French Ministers: ‘Unavoidable’…
France on Friday unveiled action to plug a 37-billion-euro hole in its public finances with the toughest package of tax rises and spending cuts the country has known in an economic downturn.
The 2013 budget adopted by President Francois Hollande’s cabinet commits the ruling Socialists to an austerity programme at a time when the economy is teetering on the brink of recession.
Ministers defended measures that included a 75 percent top tax rate as unavoidable if France is to get its finances under control and meet European Union deficit targets deemed essential to avoid the collapse of the euro single currency.
But opposition critics derided a budget that will take billions out of the economy at a time when unemployment is close to record highs and contested government claims that the richest ten percent would bear the brunt of the pain.
“France is headed into the wall,” warned Bruno Le Maire of the main opposition UMP party. Former budget minister Valerie Pecresse claimed: “This budget means 100 percent of French workers will be paying higher taxes.”
The budget breakdown indicated that France needs to make 36.9 billion euros ($48 billion) in savings if it is to meet its target of reducing its budget deficit from an anticipated level of 4.5 percent of GDP this year to the EU ceiling of three percent in 2013.
“The three percent target is vital for the credibility of the country,” Finance Minister Pierre Moscovici said. “We are committed to it and we will meet it.”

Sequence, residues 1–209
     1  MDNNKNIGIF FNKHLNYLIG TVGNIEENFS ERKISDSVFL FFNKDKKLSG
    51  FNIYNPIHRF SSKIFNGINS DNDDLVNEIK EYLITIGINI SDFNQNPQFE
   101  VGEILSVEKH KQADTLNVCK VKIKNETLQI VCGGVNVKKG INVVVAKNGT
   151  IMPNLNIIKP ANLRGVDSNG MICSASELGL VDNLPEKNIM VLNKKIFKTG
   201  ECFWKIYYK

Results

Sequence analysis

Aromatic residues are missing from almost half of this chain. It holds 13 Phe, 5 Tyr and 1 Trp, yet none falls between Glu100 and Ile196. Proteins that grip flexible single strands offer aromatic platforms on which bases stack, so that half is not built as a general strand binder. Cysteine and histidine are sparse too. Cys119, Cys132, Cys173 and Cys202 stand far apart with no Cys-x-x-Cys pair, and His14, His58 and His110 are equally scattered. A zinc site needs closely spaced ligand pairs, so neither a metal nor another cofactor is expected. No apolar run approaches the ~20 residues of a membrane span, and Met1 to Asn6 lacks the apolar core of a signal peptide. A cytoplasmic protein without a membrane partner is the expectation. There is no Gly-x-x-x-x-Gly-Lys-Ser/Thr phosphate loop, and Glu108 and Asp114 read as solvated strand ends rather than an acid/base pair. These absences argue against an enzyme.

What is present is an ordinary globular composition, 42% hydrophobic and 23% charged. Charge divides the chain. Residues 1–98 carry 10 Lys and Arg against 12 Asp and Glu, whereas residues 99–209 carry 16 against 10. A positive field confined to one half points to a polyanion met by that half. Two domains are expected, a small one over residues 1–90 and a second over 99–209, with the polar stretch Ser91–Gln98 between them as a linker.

Economists are sceptical about the government’s ability to meet the deficit target and have warned that the dampening effect of cuts and tax hikes will make it difficult to attain the growth (0.8 percent for 2013, rising to 2.0 percent in 2014) on which the budget figures are based.
The French economy is currently flat-lining and latest data on jobs — unemployment has topped three million, around ten percent of the workforce — and consumer confidence point to that trend continuing into the winter.
“A 1.5 percent reduction of the deficit represents a considerable effort at the best of times. In a period of zero growth it would be exceptional,” said Elie Cohen, director of research at the government-financed CNRS think-tank.
Eric Heyer, of the Economic Conjuncture Observatory, was even blunter: “It has never been done before.”
Friday’s budget was the first since Hollande was elected President in June on a pledge to put economic revival at the top of the national and European agendas.
As the reality of the grim economic situation he inherited has sunk in, Hollande has seen his approval ratings freefall and he is now on the verge of becoming the most unpopular French leader in living memory.